3 Essential Stretches For Mobility
Good mobility means better, more efficient movement. Having a good range of motion through your joints will not only improve your performance in the gym, but help you function better day to day and minimise the risk of injury.
Try this simple test: starting in a standing position, can you sit on the ground and stand back up again without using your hands as support? If this is challenging, aim to incorporate these three movements into your training. And while most things are great in moderation, you have the green light to do these stretches all the time.
1. HIP FLEXION INTO DEEP SQUAT
Maintaining mobility through the hips allows you to train through a full range of motion in this area. Not only is it crucial to your training performance, it also effects the way you function in everyday life. Poor mobility through the hips can make everyday movements difficult, even something as simple as getting up from a chair.
Standing tall with your feet approximately shoulder width apart, fold forward from your hips, grabbing the inside of you feet. Use your elbows to drive your knees out as you drop your hips down finishing in a deep squat position.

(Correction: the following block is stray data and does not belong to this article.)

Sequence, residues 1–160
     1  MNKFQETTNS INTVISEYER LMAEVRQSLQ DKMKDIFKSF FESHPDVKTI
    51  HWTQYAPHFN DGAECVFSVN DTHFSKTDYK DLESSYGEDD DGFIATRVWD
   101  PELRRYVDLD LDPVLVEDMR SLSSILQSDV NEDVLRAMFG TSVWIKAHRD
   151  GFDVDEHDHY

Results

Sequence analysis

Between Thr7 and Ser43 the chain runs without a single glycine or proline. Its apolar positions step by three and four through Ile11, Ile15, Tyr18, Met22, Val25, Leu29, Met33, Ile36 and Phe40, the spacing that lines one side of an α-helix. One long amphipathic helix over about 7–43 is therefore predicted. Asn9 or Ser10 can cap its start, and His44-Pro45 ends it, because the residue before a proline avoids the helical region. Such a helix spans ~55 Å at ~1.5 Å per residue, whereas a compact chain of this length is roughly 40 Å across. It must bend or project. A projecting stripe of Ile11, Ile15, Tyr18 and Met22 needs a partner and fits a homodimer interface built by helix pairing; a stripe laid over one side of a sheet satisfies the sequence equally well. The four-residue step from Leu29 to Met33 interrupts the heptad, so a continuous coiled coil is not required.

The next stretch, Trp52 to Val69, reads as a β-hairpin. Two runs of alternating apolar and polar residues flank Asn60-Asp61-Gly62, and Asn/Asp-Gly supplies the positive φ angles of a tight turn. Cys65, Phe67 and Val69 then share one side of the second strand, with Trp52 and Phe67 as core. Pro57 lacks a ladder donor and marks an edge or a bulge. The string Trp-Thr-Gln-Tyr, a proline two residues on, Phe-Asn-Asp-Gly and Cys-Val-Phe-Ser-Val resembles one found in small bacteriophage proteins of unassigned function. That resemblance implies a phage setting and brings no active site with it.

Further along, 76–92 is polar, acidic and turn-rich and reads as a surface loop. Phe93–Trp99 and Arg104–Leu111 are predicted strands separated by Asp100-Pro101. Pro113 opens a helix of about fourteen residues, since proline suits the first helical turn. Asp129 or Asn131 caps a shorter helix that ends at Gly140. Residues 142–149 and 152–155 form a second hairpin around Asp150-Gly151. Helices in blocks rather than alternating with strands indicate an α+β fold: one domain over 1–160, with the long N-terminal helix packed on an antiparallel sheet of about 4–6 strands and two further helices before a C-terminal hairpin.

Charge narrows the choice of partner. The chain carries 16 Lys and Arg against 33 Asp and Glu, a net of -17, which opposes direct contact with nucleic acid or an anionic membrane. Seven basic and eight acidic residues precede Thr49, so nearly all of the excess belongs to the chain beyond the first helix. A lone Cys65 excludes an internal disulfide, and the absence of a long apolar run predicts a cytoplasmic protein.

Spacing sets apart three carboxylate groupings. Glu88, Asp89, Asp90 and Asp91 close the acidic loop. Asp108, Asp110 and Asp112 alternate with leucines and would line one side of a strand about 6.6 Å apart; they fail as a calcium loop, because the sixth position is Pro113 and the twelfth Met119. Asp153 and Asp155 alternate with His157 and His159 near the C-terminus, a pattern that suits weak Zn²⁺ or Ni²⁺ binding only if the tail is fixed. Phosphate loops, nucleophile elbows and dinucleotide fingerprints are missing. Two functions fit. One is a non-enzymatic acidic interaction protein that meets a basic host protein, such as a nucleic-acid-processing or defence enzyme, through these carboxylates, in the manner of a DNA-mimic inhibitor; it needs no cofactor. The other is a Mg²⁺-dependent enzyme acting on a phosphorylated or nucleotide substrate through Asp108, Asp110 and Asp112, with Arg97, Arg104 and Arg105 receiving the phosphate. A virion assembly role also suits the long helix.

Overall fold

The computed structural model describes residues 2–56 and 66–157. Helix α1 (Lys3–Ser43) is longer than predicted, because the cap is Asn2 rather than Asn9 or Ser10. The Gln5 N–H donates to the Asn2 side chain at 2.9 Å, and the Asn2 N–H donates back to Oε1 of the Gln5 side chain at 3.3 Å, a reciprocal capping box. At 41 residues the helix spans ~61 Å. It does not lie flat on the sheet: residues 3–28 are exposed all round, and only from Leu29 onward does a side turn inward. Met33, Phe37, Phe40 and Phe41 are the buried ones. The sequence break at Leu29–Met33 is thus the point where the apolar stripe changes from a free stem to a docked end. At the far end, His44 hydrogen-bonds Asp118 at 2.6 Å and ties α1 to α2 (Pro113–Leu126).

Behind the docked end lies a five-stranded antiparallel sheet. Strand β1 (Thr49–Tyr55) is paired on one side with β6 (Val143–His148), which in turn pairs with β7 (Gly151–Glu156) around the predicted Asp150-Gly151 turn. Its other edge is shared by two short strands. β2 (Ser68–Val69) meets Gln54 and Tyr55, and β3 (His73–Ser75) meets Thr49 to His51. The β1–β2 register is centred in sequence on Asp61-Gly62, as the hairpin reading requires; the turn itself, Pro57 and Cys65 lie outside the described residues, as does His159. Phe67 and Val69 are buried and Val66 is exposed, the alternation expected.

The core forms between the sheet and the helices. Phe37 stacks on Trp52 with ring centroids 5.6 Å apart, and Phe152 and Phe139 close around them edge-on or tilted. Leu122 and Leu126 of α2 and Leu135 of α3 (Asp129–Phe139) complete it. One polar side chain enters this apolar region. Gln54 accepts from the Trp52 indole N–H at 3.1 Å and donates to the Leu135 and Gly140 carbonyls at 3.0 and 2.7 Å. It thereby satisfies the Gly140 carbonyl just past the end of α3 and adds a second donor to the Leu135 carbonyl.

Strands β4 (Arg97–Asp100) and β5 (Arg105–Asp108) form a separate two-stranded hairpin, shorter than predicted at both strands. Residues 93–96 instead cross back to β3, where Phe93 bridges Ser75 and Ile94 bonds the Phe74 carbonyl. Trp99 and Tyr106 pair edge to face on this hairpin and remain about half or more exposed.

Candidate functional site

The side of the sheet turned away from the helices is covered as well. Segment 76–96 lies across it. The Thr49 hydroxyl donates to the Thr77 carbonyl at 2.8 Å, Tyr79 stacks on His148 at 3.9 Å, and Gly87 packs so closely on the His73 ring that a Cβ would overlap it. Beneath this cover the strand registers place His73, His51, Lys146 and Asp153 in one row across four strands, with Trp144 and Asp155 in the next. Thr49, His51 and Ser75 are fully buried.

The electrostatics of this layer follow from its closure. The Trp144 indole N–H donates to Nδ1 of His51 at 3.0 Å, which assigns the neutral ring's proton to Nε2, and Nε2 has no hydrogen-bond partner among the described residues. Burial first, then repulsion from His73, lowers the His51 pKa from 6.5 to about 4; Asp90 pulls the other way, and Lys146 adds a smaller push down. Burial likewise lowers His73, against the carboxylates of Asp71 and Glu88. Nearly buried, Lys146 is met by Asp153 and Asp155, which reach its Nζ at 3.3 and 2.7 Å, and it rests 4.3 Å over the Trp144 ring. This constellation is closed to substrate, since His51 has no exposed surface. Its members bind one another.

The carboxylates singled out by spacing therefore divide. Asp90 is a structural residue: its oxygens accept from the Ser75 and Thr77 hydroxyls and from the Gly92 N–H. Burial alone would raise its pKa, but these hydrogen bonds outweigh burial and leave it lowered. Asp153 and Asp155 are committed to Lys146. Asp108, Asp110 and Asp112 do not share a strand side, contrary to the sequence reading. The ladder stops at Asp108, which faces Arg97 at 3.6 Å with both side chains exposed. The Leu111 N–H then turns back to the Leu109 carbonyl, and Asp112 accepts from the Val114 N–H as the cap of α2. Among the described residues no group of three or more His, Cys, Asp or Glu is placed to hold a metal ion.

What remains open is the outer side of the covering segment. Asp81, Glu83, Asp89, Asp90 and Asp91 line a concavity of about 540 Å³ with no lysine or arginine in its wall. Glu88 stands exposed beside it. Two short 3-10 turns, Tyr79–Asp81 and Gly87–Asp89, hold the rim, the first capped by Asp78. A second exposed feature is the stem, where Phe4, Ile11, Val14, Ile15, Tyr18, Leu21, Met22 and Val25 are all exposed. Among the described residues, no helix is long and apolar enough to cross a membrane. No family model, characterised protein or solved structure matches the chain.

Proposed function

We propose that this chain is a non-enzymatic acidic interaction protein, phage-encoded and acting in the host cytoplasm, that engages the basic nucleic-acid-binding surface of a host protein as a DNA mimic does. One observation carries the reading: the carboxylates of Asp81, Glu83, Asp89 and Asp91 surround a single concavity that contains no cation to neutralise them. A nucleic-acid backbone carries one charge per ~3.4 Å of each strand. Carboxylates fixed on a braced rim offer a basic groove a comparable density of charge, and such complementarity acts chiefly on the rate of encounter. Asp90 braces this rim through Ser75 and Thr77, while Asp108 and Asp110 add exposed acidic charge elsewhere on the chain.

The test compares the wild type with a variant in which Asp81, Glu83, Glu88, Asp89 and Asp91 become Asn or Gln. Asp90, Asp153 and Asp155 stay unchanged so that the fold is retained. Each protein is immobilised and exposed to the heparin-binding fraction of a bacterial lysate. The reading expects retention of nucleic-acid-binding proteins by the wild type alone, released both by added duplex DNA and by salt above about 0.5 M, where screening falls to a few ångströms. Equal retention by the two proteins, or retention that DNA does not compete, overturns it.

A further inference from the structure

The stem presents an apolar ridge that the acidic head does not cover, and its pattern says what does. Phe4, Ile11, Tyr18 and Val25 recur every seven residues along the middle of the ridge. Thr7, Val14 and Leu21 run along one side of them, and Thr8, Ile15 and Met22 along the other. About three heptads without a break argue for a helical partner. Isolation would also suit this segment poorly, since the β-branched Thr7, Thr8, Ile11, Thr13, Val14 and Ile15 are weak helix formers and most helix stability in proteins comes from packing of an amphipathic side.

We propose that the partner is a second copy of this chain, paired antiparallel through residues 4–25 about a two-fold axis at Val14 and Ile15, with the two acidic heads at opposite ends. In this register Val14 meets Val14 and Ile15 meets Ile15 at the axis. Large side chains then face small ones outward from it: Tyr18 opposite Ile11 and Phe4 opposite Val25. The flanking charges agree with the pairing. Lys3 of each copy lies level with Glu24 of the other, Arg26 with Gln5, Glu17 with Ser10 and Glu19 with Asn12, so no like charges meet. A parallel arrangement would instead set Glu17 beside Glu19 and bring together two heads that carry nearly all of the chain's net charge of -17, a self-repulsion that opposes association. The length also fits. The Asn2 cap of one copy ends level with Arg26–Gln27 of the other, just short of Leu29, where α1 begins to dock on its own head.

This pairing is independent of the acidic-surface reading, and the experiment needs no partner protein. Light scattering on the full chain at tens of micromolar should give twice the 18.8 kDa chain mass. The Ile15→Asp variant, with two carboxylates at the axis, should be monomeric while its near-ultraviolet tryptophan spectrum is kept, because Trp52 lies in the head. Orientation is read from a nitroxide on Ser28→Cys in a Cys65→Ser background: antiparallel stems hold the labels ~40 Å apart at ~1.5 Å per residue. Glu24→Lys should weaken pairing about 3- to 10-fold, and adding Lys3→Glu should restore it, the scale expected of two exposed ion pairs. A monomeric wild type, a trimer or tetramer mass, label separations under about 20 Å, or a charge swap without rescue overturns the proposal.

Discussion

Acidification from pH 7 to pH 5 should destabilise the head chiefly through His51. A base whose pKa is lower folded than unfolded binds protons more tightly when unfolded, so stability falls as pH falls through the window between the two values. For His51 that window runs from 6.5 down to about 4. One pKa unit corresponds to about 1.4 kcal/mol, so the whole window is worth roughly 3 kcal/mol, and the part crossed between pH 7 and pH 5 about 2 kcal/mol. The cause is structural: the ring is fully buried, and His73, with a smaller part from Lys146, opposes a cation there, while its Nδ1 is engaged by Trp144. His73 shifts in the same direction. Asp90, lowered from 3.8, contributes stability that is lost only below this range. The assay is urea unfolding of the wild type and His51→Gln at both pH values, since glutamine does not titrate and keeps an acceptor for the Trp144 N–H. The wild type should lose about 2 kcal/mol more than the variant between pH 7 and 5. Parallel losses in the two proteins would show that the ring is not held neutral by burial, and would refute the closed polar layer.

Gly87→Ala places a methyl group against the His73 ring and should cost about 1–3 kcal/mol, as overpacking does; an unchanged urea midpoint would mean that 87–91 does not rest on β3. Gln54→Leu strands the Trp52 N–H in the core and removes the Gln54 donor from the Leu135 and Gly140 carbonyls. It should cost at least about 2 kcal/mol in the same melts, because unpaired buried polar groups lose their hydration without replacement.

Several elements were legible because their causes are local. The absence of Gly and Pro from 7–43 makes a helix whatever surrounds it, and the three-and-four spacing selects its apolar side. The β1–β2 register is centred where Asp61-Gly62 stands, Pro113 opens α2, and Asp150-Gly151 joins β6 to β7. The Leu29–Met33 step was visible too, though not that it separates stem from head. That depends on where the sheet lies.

2. LUNGE ELBOW DRIVER INTO FORWARD FOLD
Many people will have better mobility on one side of their body to the other. This could be caused from a previous injury or a reliance on the side of the body that is naturally stronger. This movement allows for each side to be mobilised independently.
Position yourself in a deep lunge position with your left leg forward. If required, place your right knee on the ground. Dropping your hips down and lifting your chest up, use your left elbow to open up your left hip. Then, adjust your position so your left leg is in the middle of your hands and drive your hips back while you fold your torso forward, taking your forehead towards your left knee.
3. SEATED THORACIC ROTATION
The thoracic spine (upper back) is a common problem area for many people. Losing mobility in this area could be caused by a general lack of movement or poor posture over a long period of time. Other areas, such as the lumber spine (lower back) and neck, usually compensate which can lead to pain and discomfort.
Starting in a seated position place a foam roller between the knees and gently place your hands behind your head. Focusing on the thoracic region (the upper back) gently rotate your torso to the left, then to the right. This is one of those exercises where less is more. The lower back is not designed for rotating so you want to ensure the movement is happening higher up the spine.The foam roller will help to avoid this, as well as engage the core.